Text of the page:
So in the D20 delegate appointment process, even though there’s 28 people with actual votes, some of the candidates are spending valuable time talking to the media rather than the voters. And some of the candidates are complaining that the appointment process isn’t to their liking. Well, folks, we can debate the process and whether it should be changed (it should and probably will be somewhere down the road), but for now, as grandpa used to say, it is what it is what it is, and accusing the voters of conflicts of interest isn’t gonna win a whole lot of elections. Civics 101, people. Hell, human interaction 101.
One of the six District 20 applicants, Jheanelle Wilkins, senior field manager for the Leadership Conference on Civil Rights and Human Rights, also sits on the central committee. She was elected to the post in the 2014 Democratic primary. For some of the candidates, that carries a whiff of insiderism.
“It feels like it’s not a level playing field,” said Daniel Koroma, outreach manager and liaison to African and Caribbean communities in the county’s Office of Community Partnerships. Koroma, 42, a native of Sierra Leone, said the setup does not square with his view of the United States, which he called “a beacon of democracy.”
“If you work hard, you have a shot. If there is a way to improve the process, I’m definitely for it,” he said.
Unger and other District 20 contenders have substantial records of civic and political involvement, but little relationship with the central committee: Yvette Butler, 56, is the Maryland state director of the League of United Latin American Citizens; Lorig Charkoudian, 43, is a professional mediator and criminal justice activist; and Amy Cress, 44, is communications director for Easter Seals in the Washington region and an anti-gun-violence organizer.
Cress said she would like to see a broader effort to include the public in the selection. “The feeling is that there are a number of people who aren’t aware of the process until it hits their district, and they are taken aback that there is not a special election.”
Unger, 43, chair of Montgomery’s ACLU chapter, said there is a larger conflict of interest issue that the committee needs to address.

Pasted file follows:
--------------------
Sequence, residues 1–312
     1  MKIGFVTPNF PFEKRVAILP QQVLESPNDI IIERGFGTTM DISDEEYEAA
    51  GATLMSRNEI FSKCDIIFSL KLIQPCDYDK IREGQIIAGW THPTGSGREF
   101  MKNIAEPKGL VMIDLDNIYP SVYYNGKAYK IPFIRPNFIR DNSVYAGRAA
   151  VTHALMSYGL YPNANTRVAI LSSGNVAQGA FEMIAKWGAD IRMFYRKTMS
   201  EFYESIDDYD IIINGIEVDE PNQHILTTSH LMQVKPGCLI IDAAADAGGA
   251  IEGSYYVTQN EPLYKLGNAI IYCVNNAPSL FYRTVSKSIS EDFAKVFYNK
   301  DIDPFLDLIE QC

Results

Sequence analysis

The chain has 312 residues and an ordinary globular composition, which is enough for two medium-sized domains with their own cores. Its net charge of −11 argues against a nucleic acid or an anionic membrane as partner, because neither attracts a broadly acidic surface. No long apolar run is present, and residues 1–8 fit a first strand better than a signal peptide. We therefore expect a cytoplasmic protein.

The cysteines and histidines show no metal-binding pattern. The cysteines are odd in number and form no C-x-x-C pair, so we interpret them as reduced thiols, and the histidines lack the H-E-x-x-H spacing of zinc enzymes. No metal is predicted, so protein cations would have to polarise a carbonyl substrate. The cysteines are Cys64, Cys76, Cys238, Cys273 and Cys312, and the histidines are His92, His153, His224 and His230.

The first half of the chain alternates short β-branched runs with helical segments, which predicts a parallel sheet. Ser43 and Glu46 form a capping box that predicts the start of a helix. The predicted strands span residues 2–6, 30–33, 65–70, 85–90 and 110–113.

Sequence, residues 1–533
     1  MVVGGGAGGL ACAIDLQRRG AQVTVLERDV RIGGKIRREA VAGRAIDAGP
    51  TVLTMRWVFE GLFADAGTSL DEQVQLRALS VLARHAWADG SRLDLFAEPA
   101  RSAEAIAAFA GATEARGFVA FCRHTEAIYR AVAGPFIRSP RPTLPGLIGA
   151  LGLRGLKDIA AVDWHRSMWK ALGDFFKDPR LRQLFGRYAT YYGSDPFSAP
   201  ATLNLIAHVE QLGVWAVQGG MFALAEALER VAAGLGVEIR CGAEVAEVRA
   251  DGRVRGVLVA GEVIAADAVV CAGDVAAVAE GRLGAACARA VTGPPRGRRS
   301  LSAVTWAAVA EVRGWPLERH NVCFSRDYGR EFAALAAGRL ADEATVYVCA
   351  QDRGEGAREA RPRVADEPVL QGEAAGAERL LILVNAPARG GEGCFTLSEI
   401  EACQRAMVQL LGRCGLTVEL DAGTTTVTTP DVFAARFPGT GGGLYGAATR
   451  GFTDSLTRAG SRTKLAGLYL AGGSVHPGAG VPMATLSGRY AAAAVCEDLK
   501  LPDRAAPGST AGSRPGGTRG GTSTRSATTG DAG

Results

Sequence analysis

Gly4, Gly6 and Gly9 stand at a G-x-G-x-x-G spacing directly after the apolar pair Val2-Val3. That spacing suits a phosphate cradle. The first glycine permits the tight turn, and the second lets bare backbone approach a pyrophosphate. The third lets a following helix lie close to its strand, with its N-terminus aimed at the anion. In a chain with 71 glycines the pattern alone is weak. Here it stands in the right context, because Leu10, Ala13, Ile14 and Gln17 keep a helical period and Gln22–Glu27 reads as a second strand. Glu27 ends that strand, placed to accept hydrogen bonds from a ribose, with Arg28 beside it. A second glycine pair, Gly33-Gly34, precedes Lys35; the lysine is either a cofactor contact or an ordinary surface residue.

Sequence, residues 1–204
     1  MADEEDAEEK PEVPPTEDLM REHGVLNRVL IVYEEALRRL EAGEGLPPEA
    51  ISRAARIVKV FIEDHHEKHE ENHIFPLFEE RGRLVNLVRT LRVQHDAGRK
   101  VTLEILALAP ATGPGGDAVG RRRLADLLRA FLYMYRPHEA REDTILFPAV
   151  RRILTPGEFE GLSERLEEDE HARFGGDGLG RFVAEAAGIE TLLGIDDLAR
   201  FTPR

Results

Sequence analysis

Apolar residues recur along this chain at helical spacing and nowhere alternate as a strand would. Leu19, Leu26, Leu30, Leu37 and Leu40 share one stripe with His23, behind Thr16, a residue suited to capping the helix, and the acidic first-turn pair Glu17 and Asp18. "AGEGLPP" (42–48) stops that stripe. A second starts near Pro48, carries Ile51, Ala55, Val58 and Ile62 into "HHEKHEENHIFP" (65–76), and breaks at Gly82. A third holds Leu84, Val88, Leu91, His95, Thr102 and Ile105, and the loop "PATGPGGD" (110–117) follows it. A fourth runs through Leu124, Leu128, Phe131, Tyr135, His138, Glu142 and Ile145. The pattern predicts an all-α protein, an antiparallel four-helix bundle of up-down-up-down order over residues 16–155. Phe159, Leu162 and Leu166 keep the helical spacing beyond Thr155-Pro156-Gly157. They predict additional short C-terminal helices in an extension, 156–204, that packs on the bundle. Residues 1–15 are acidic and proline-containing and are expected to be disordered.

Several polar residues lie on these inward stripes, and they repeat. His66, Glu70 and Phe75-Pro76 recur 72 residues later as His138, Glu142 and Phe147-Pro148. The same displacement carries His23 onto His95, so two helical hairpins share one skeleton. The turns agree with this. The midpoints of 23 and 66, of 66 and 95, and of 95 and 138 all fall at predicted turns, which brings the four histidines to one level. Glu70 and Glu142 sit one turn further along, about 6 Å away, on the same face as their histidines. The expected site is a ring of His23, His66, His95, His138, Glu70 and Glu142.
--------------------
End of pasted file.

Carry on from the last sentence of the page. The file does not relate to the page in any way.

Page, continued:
While most central committee members are elected in Democratic primaries, the state requires that each county panel have an equal number of men and women. The Montgomery committee has four members it appointed for gender balance. They can vote on General Assembly vacancies, conceivably supporting members who brought them aboard.
“Committee members get to choose who else is on the committee, and that whole committee gets to appoint their members to the State House,” Unger said. “To me, democracy works best when people are diligent at avoiding even an appearance of interest conflict.”
Wow. This process has been around in the Maryland Constitution for over a century. It’s not new, and it’s been used a lot, as Turque notes. But from reading this, you get the feeling that these candidates are shocked to find out that it works the way that it works. That doesn’t speak well to the complaining candidates’ knowledge of how Maryland government operates. You have to lobby the committee members to persuade them that you’re the best candidate, that you’ve got the best qualifications and would make the best delegate. Questioning their ethics and integrity, or trying to tell them how to do it better – not such a good idea. And attacking the gender balance members of the committee, especially as a white guy, is an even worse idea, because those gender balance members? They’re all women.
And as for the complaint that many of the candidates don’t have “relationships with the central committee,” well, excuse me, but whose fault is that? The dominoes leading to this particular appointment started falling on March 2, 2015, when Barbara Mikulski dropped her bombshell retirement announcement on an unsuspecting state. Anyone who was interested in a potential D20 appointment should have started building relationships with Central Committee members over a year ago at the latest. If you didn’t, what does that say about your political acumen and skill?
The bottom line here is that while the process is open to criticism and should be changed, the time to have conversation is not while you’re running for a delegate appointment. There’s 28 voters. First one to 15 wins. Talking to Bill Turque, pleasant and affable guy that he is, won’t get you any votes. And complaining to Bill Turque that the voters are biased and/or corrupt definitely won’t get you get any votes. And any act that won’t get you votes is something you shouldn’t be doing.
If nothing else, all this willingness to openly complain should make the two candidate forums this week pretty damn interesting. Let’s see what happens.